Zimbabwe: Pegging Goods in U.S. Dollar Behind Price Madness

11 October 2019
editorial

In the 2007-2008 economic meltdown, the biggest economic threat to Zimbabwe was the sharp and sustained rise of basic commodity prices and other essential services.

Soaring prices rattled all people - rich and poor - while a spike in food prices battered the country's poor.

Runaway prices led to a crisis and effectively pushed the country to dollarise. A new crisis may loom. Overheating market prices for basic services and commodities are threatening to torpedo Government's efforts to stabilise the economy.

There is massive greed and profiteering by manufacturers and retailers pushing the majority of the poor into the poverty trap.

Officially, manufacturers and retailers are pegging prices in the Zimbabwe RTGS dollar, but unofficially pegged at US dollar rates.

Retailers are demanding ZW$15 for a loaf, almost at the prevailing black market rates for the US dollar. Beef which used to be sold at US$3,25 a kg is now being sold for more than ZW$100 per kg, putting it beyond the reach of the poor.

Essential drugs are also being sold at ridiculous prices. Even in US dollar terms prices have gone up badly. Most retailers, hardware merchants and other service providers are pegging their prices ZW$1:20 or 25 to the US dollar, forcing many to transact unofficially using the US dollar.

Prices for the Zimbabwe RTGS dollar are unjustifiably pegged at speculative and irrational rates to squeeze consumers to cough out their precious US dollar notes. The result is too scary. There is a massive informal dollarisation of the economy as a result of economic instability and high inflation. A rent seeking behaviour is now prevalent as well as hoarding of everything from bread to fuel and other items.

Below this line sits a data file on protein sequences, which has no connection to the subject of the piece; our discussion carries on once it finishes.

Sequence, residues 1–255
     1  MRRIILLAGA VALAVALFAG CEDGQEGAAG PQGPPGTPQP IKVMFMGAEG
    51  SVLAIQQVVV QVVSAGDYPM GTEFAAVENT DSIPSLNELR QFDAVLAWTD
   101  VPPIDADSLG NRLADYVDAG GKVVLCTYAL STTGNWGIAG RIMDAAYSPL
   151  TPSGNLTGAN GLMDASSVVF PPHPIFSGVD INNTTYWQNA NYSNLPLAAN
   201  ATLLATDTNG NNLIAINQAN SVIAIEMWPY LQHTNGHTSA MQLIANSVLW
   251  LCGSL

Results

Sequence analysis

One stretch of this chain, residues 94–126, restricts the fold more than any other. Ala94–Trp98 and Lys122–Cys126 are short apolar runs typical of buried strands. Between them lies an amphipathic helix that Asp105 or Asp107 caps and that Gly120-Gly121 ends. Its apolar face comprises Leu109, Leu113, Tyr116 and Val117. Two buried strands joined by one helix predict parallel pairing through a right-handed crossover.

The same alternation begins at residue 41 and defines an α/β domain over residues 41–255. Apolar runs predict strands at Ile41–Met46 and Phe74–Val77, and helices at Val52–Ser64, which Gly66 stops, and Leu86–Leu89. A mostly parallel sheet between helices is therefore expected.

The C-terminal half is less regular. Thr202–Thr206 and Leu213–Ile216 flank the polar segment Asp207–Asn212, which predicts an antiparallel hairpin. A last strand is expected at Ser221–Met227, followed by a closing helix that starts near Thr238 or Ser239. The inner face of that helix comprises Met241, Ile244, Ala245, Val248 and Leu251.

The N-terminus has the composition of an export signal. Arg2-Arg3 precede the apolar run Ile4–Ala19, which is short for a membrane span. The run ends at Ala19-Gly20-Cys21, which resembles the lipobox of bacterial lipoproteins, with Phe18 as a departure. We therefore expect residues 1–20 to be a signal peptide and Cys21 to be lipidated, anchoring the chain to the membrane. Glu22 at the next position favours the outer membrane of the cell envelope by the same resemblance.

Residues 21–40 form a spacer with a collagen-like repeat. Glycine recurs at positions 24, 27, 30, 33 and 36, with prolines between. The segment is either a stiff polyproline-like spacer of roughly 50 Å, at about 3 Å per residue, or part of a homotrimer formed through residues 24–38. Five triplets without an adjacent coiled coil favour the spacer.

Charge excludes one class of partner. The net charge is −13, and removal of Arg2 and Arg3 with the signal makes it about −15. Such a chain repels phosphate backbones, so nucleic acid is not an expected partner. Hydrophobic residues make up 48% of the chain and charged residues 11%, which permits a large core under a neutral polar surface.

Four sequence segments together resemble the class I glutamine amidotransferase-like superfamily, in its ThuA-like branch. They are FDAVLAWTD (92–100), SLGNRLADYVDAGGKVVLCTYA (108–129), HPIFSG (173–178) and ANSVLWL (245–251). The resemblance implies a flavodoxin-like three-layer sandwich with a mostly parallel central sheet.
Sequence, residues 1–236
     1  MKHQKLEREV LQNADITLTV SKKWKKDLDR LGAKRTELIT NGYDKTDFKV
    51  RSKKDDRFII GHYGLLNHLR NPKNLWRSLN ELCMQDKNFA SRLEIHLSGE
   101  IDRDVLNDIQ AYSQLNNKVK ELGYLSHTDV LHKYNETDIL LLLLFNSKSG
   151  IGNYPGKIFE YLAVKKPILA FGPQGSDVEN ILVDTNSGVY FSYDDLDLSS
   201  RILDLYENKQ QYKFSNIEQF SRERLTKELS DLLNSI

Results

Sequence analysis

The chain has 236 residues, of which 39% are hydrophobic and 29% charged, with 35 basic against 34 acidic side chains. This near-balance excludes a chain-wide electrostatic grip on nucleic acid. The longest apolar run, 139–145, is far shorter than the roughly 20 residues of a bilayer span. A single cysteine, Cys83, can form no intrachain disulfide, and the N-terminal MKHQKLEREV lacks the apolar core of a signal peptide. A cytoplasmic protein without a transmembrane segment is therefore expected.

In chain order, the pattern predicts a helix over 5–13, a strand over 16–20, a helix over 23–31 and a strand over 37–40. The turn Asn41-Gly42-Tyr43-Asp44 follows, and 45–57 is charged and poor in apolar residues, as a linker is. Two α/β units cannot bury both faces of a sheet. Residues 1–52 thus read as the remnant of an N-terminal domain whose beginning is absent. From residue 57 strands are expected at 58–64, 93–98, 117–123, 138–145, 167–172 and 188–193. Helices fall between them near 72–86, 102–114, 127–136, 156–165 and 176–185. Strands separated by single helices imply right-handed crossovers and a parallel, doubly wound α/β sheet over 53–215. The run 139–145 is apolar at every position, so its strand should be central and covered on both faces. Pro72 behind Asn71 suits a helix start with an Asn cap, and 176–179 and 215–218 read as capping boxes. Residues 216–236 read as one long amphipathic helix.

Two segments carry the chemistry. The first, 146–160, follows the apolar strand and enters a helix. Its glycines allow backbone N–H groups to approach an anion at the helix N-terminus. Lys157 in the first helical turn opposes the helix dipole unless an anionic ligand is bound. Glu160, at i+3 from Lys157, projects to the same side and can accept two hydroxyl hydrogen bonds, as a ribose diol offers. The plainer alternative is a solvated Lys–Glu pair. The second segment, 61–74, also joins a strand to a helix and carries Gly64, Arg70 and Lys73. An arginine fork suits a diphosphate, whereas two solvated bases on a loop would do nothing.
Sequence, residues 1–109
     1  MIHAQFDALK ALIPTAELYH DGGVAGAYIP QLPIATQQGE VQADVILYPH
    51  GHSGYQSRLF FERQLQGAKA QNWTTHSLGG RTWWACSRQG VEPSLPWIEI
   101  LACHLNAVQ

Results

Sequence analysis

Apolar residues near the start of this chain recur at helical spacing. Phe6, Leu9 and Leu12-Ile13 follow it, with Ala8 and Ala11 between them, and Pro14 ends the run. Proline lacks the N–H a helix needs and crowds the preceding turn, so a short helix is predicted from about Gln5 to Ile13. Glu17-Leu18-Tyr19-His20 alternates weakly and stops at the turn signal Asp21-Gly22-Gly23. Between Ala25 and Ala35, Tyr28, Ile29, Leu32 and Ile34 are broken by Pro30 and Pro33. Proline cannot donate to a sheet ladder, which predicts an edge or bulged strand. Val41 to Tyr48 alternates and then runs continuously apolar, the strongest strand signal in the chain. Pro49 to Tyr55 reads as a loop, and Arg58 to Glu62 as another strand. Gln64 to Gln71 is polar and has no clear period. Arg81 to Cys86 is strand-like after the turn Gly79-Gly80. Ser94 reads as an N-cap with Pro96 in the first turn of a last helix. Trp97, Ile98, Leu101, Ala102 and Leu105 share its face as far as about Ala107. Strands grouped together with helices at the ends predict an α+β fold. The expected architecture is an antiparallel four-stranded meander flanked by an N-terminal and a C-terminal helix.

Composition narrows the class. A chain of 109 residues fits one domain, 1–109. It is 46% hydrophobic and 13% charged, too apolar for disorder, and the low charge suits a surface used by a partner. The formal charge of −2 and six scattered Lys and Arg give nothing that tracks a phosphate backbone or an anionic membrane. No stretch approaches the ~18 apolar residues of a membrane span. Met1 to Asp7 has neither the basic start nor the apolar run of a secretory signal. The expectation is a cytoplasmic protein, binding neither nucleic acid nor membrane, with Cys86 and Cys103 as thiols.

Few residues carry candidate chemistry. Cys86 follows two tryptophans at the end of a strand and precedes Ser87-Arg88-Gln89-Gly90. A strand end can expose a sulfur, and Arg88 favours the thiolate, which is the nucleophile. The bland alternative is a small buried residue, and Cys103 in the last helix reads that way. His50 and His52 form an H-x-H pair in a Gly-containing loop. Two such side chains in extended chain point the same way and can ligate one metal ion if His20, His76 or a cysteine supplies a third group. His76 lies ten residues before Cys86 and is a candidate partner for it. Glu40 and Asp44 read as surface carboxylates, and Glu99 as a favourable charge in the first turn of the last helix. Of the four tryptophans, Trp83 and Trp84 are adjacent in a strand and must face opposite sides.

Most businesses now have a strong desire to protect their assets from the risks of devaluation of the local currencies by pegging prices at ridiculous RTGS levels. Many are unofficially demanding payment in the form of US dollars undermining the country's monetary and exchange rate policies.

The country's Transitional Stabilisation Programme (TSP) has been undermined and it will be difficult for it to reach fruition. It's time to do something about runaway prices which are hurting the poor most.

Farming this season is a nightmare. Where will a poor smallholder farmer get the ZW$10 000 required to grow a hectare of maize. The situation is scary and food insecurity will persist not because of drought, but unsustainable market prices.

At some point, people won't put up with any more price increases. And, increasingly, this is becoming more evident. The well-heeled have already unofficially dollarised their business activities.

This will not help to stabilise Zimbabwe's macro economy and also solve the problem of our steadily declining local currency. The conduct of day-to-day transactions are pegged to the US dollar. Many are using the US dollar as a store of value.

The risks of a return to full dollarisation are lurking. Sanctions have compounded the situation. We all know the huge drawbacks of dollarisation, especially for a country like ours which is under debilitating sanctions.

The risks are huge and for how long can we continue with these unsustainable price increases?

Labour will start demanding US dollars and this might pause serious problems for our struggling economy. We need to tame the price madness to protect the poor and restore sanity on the market.

If we don't, dollarisation is a security risk that might jeopardise all efforts to stabilise the economy. Social instability will be the worst case scenario and Government, the private sector, academics and all people must come together to stem the tide of runaway and unsustainable price increases.

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